and a whole series of other village atrocities that have cost the 
lives of 150,000 Algerians.

The truth is that the Arabs - like Chileans and other people far from 
the new centre of total world power - are used to mass killing. They 
know what war is like, and quite a number of Lebanese asked me in the 
days after September 11 - our September 11, that is - if George Bush 
really did think America was at war. They weren't doubting the nature 
of the attacks. They were just wondering if the US President knew 
what a real war was like. In Lebanon, you have to remember, 150,000 
men, women and children were killed in 16 years; 17,500 of them - 
almost six times the total of dead of September 11, and almost all of 
them civilians - were killed in just the summer of 1982, during 
Israel's bloody invasion of their little country, an invasion to 
which the US had given a green light.

And in many cases, of course, the dead - particularly in Lebanon, and 
ever more frequently in the Israeli-occupied territories - are being 
killed by American weapons. In the Palestinian town of Beit Jala, for 
example, almost all the missiles fired into Palestinian houses were 
made by the Boeing company. Only in the Arab world has a terrible 
irony been noted: that the very same company that proudly made those 
weapons - "all for one and one for all" is the logo for Boeing's 
Hellfire missile - also produced the airliners that were used to 
attack the United States. Having endured the company's weapons, Arabs 
turned their airplanes into weapons as well.

It does not excuse the September 11 killers their hideous crime 
against humanity to record that in the Middle East, you do often hear 
the thought expressed that now the US knows what it is to suffer. 
It's not intended to suggest that the United States deserved such 
horrors; merely a faint hope that Americans will now understand how 
much others have suffered in the Middle East over the years. I have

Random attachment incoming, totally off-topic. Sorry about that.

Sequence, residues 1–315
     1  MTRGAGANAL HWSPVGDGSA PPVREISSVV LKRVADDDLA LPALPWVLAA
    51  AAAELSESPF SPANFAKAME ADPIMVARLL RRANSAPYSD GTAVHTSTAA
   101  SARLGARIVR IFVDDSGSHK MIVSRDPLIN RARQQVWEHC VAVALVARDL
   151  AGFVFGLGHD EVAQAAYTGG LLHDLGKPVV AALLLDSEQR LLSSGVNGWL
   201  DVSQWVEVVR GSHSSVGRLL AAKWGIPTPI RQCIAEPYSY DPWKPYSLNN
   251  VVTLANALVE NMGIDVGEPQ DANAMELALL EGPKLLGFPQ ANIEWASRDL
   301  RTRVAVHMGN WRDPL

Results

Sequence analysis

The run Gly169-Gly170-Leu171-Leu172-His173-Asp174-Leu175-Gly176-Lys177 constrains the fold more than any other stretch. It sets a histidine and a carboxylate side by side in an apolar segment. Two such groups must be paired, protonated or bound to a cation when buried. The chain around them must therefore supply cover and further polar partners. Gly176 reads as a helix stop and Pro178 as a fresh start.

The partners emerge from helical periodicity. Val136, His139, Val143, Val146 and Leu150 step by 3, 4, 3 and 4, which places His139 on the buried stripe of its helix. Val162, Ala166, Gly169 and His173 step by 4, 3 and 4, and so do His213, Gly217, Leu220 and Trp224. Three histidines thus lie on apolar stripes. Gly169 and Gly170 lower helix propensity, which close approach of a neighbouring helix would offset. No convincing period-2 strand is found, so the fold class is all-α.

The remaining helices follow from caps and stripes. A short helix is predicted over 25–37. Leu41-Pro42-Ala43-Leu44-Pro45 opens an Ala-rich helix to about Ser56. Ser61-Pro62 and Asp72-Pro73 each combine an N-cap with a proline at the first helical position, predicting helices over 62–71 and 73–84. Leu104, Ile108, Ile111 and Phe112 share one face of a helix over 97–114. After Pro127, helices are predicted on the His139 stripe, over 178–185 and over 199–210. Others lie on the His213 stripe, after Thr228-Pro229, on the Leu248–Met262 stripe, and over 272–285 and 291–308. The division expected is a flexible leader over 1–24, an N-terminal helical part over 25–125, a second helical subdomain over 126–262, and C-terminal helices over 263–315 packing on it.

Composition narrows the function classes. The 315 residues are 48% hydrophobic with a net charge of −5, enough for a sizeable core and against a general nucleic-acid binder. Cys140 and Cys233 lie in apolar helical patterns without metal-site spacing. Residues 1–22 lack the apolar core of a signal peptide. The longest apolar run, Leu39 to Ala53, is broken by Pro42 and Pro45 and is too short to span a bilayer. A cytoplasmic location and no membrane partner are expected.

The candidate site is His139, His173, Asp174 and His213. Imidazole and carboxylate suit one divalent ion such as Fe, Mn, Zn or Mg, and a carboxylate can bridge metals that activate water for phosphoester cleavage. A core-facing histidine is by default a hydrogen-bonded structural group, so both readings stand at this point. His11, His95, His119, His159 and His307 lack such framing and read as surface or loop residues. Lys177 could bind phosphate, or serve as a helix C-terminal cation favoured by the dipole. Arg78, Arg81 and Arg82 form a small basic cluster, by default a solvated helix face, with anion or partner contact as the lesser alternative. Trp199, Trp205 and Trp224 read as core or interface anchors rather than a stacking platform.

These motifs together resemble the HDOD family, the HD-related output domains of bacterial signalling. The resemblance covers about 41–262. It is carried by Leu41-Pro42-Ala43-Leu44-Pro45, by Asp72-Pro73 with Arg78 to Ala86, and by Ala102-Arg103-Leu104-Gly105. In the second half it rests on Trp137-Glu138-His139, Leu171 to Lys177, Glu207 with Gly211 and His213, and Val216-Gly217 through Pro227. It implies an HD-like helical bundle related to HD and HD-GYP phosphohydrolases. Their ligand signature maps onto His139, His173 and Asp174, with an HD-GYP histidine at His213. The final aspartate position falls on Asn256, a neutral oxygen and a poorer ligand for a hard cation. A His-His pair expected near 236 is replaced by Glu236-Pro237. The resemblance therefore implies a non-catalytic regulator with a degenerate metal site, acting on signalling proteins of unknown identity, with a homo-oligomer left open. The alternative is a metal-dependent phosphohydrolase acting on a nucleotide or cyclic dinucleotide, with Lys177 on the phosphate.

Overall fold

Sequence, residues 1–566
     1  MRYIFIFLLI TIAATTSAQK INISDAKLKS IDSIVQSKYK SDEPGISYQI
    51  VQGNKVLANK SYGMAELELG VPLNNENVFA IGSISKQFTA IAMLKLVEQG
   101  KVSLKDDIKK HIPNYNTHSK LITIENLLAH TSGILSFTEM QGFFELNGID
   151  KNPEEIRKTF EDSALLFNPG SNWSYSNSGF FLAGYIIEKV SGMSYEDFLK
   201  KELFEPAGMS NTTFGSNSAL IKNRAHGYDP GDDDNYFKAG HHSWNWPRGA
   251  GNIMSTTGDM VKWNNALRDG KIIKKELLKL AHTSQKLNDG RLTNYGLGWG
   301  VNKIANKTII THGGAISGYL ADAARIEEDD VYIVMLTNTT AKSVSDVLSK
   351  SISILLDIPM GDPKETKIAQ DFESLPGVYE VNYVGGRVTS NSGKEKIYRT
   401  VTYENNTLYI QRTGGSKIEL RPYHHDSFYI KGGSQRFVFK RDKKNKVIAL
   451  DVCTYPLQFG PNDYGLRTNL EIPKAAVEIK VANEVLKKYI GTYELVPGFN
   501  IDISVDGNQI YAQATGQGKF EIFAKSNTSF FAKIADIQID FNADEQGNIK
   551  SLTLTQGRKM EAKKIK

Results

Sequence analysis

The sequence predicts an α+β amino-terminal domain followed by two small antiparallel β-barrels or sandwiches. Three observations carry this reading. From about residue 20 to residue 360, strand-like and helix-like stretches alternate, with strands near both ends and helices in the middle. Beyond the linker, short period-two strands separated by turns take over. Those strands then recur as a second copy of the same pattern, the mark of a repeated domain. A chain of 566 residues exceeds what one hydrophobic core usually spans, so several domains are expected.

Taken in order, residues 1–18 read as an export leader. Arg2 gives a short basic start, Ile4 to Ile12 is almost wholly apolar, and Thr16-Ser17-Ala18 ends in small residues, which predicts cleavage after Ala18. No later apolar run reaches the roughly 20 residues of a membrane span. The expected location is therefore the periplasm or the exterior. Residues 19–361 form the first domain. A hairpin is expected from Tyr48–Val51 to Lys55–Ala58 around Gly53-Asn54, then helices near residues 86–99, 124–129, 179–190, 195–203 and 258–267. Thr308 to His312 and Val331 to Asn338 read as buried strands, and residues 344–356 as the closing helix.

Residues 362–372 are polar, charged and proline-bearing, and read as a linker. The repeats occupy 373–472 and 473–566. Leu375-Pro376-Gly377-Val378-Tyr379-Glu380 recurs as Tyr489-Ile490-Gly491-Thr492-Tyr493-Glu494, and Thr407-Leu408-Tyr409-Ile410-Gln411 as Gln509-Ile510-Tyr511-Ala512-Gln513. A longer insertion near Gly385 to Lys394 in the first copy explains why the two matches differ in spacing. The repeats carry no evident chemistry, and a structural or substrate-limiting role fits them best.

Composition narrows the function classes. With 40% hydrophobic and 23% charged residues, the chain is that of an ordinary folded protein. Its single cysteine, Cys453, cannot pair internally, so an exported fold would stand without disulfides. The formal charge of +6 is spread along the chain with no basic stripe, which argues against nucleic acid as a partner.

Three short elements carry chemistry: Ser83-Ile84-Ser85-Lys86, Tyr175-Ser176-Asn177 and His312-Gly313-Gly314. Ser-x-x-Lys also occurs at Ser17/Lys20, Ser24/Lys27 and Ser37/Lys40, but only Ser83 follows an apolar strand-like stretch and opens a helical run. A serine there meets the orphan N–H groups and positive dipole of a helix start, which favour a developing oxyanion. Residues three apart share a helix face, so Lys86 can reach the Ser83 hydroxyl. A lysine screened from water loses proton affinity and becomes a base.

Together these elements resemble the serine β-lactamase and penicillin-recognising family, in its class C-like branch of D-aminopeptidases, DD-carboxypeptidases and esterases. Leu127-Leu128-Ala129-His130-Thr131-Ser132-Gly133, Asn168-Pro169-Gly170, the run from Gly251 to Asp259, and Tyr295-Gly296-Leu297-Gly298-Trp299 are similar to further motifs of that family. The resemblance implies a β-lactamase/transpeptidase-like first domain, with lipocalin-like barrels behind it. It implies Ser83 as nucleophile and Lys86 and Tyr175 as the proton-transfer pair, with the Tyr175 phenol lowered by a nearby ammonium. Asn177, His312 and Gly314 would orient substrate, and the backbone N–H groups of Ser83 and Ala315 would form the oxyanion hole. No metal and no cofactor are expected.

to say, of course, that this is not the lesson that Americans are in 
any mood to learn.

Indeed, one of the most extraordinary - and patently absurd - 
elements of post-September 11 America is the way in which the Bush 
administration has steadily transformed a hunt for international 
criminals into a biblical struggle against the Devil incarnate. The 
Devil started off with a beard and a propensity to live in Afghan 
caves. Then it turned out that he wore a military beret and had a 
hankering for poison gas and weapons of mass destruction. And by last 
week, when Richard Armitage was claiming that Hizbollah may be the 
"A-team of terrorists" - al-Qa'ida being demoted to the "B-team" - 
the Devil had apparently moved residence from Baghdad to Beirut. Add 
to all this Iran and the non-Muslim Dear Leader who lives in North 
Korea and really does have nuclear weapons - which is why we will not 
bomb him - and a very odd picture of the world emerges. In general, 
however, that world, however distorted, is a Muslim world.

Now, along with this transformation has come a whole set of policies 
intended to show the superiority of our Western civilisation - 
centred on the need for the Arab world to enjoy "democracy". It isn't 
the first time that the US has threatened the Arabs with democracy, 
but it's a dodgy project for both parties: first, because the Arabs 
don't have much democracy; second, because quite a lot of Arabs would 
like a bit of it; and third, because the countries where they would 
like this precious commodity include Saudi Arabia, Egypt and other 
regimes that the Americans would like to protect rather than destroy 
with democratic experiments. The Palestinians, President Bush has 
told us, must have a democracy. The Iraqis must have a democracy. 
Iran must have a democracy. But not, it seems, Saudi Arabia, Jordan, 
Egypt, Syria and the rest. Naturally, all these ambitious projects 
have set off a good deal of discussion in the Arab world - perhaps 
one of the few fruits of September 11 that hasn't yet turned sour.

A recent study in the United States - by Pippa Norris at Harvard and 
Ronald Inglehart of the University of Michigan - demonstrated 
convincingly that Samuel Huntington's grotesquely overrated "clash of 
civilisations" is a load of old baloney. Muslims, the study 
discovered, were as keen on democracy as Westerners - there 
presumably being no Christians left - and in some cases even more 
enthusiastic than Americans and others. The differences between the 
two emerged on social issues; on homosexuality, women's rights,